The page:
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PROTECT YOUR BUSINESS

Selling on Amazon: Do I Need to Have General Liability Insurance?

6-minute read

Seller preparing a package for shipping.
Ed Grasso

Ed Grasso

15 October 2021

If you have a big dream and something to sell, selling on Amazon can put you in front of millions of potential customers, could get cash flowing quickly, and help you stand out even among the most well-known brands and merchants.

Since it’s an online business, you may think all you need is a computer, smartphone, and some packing and shipping supplies. Right?

Well, almost.

In many cases, you are also required to have general liability insurance. And in all cases, it’s something you should strongly consider.

New Insurance Requirements for Professional Sellers on Amazon

On September 1st, 2021, Amazon began requiring certain sellers to carry general liability insurance (GL). We’ll break down exactly what you’ll need in a bit, but let’s start with why you need it.

General liability insurance can help protect businesses — large and small — against losses and liabilities. Amazon wants to protect its business as well as yours. When you realize that third-party sellers account for 58% of Amazon sales, your business is a big deal to them.

“OK, but I just sell several dozen handmade dog toys a month. Do I really need to get coverage?”

Here are the specific requirements from Amazon. It’s a good chunk of well-crafted legal writing. But simply, if you have an Amazon Professional Seller Plan and those dog toys are bringing in $10,000 or more in monthly, you’re required to have general liability insurance.

But risk and accidents don’t necessarily just occur above a certain sales level. Even if just one of those dog toys was defective and caused some harm to a family pet, you could potentially be sued. (And not to worry — no actual dogs were harmed in this example.).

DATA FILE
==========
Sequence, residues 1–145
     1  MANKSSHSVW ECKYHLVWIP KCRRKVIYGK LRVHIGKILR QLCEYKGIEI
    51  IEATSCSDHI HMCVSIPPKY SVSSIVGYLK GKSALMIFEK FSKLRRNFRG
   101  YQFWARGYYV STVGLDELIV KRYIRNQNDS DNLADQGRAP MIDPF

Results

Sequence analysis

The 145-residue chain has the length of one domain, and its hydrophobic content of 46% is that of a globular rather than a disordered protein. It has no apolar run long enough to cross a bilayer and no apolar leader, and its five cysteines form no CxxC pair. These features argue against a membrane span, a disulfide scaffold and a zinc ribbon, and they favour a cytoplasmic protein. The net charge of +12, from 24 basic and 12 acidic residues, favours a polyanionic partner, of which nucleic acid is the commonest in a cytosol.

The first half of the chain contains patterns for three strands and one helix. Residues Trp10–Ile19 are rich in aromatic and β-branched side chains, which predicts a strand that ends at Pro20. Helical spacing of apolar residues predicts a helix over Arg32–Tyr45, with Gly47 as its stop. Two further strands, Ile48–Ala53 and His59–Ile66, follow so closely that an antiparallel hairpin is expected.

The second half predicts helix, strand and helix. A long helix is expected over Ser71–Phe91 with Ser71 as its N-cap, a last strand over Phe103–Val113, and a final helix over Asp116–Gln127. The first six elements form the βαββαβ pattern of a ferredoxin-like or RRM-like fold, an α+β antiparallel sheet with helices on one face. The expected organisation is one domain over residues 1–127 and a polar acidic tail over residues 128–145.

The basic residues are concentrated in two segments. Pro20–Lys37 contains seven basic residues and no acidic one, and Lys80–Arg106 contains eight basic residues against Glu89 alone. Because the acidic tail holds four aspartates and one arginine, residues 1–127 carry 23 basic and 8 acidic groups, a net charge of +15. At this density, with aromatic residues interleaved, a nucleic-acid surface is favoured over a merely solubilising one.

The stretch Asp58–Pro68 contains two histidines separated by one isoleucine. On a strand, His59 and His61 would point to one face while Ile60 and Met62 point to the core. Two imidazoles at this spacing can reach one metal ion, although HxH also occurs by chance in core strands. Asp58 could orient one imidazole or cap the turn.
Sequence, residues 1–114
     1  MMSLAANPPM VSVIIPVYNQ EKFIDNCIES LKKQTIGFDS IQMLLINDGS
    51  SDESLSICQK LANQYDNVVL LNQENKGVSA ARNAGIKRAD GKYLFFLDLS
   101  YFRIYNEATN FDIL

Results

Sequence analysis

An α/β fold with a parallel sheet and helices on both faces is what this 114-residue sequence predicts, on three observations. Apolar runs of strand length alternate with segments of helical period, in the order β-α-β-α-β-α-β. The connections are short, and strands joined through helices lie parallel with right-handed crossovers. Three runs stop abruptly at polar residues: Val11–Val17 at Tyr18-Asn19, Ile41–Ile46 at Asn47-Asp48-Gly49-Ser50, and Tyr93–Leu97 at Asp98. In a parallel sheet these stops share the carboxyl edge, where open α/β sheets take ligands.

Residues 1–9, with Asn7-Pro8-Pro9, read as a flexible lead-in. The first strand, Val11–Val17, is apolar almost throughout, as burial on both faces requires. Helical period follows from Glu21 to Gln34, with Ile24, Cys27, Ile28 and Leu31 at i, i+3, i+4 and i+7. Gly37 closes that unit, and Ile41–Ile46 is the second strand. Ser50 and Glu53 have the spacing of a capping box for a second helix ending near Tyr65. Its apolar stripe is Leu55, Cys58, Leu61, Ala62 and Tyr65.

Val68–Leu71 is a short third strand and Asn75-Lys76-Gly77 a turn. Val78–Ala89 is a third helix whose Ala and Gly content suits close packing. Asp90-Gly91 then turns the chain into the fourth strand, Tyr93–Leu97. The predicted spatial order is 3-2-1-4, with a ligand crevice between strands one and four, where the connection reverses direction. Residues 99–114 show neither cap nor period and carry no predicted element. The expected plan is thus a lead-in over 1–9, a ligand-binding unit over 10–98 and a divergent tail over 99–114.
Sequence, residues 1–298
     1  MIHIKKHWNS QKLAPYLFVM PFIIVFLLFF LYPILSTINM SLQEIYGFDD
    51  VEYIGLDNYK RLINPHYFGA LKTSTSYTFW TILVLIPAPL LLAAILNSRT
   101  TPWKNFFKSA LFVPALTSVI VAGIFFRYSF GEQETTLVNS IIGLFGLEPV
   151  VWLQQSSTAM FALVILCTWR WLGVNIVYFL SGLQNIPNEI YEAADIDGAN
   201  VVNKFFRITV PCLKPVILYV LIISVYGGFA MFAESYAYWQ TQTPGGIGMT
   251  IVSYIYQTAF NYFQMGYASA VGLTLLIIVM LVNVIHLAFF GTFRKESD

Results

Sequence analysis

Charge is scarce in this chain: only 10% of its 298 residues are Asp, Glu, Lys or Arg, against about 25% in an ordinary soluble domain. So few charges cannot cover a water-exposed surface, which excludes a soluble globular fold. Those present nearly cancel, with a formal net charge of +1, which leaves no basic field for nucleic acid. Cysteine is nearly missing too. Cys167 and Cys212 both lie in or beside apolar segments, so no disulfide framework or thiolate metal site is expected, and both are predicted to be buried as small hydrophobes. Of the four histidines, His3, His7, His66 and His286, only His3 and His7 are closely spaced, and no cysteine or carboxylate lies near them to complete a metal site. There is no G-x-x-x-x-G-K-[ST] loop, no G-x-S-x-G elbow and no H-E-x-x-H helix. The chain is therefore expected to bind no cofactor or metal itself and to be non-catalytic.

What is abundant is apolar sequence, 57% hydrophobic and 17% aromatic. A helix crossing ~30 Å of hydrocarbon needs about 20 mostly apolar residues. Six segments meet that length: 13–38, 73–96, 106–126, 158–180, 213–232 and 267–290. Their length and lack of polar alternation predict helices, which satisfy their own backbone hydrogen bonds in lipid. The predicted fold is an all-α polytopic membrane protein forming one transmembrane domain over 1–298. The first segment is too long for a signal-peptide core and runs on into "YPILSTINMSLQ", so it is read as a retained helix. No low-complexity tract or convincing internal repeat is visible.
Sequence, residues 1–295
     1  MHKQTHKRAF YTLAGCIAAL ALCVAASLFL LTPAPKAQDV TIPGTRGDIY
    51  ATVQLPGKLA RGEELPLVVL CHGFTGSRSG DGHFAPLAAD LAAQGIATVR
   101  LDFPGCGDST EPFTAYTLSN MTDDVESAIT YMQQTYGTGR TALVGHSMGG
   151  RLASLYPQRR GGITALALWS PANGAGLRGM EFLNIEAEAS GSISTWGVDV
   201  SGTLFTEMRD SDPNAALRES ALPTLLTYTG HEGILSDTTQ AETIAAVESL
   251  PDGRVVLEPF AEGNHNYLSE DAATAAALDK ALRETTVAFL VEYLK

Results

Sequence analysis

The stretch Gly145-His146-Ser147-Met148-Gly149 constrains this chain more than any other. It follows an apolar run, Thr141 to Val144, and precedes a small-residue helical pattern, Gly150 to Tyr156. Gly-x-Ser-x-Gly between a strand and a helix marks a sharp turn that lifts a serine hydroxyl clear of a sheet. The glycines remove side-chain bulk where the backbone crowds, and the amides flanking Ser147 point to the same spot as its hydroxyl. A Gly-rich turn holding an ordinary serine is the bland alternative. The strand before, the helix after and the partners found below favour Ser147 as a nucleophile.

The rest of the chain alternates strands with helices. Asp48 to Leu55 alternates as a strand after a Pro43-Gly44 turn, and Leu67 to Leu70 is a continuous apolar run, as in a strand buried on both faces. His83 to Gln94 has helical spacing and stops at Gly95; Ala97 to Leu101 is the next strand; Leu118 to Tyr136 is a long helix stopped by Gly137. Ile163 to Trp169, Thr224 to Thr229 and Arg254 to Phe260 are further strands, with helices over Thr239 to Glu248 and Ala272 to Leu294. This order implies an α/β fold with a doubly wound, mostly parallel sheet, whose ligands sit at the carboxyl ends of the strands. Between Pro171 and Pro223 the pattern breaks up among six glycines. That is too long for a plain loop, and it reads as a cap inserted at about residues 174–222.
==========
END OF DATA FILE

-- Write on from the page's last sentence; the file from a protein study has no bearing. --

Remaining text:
Without insurance, you could be responsible for any financial settlement and legal costs as well.

You’re an online seller. We’re insurance people. We all likely love dogs. We can help you understand what coverage you need, how to find it, and how to get it for an affordable price.

1. How much general liability coverage you need.

For Professional Sellers doing more than $10,000 per month in business, you’ll need at least GL insurance coverage for up to $1 million for any one incident or claim, and up to $1 million over the length of the policy.

2. Your policy needs to cover product liability.

Product liability arises if something you made or sold causes bodily injury or property damage. This is an area of risk for any business--online or off--, so it’s important to make sure the GL coverage you get includes product liability protection.

3. You need to add Amazon as an Additional Insured.

As we mentioned earlier, Amazon requires you to add them as an “Additional Insured” on your Certificate of Insurance (COI).

That’s something to keep in mind as you’re looking for quotes from different insurance providers.

4. Your policy must be valid from 180 days of submission.

Once you submit your Certificate of Insurance to Amazon to show that you’re insured, you need to hold insurance as long as you remain a Professional Seller on Amazon. Amazon wants to be sure their sellers maintain the proper coverage, so at minimum, you must carry a valid policy for 180 days.

Keep in mind that since Amazon is listed as an Additional Insured on your COI, they typically get a notification if your insurance policy is canceled for any reason.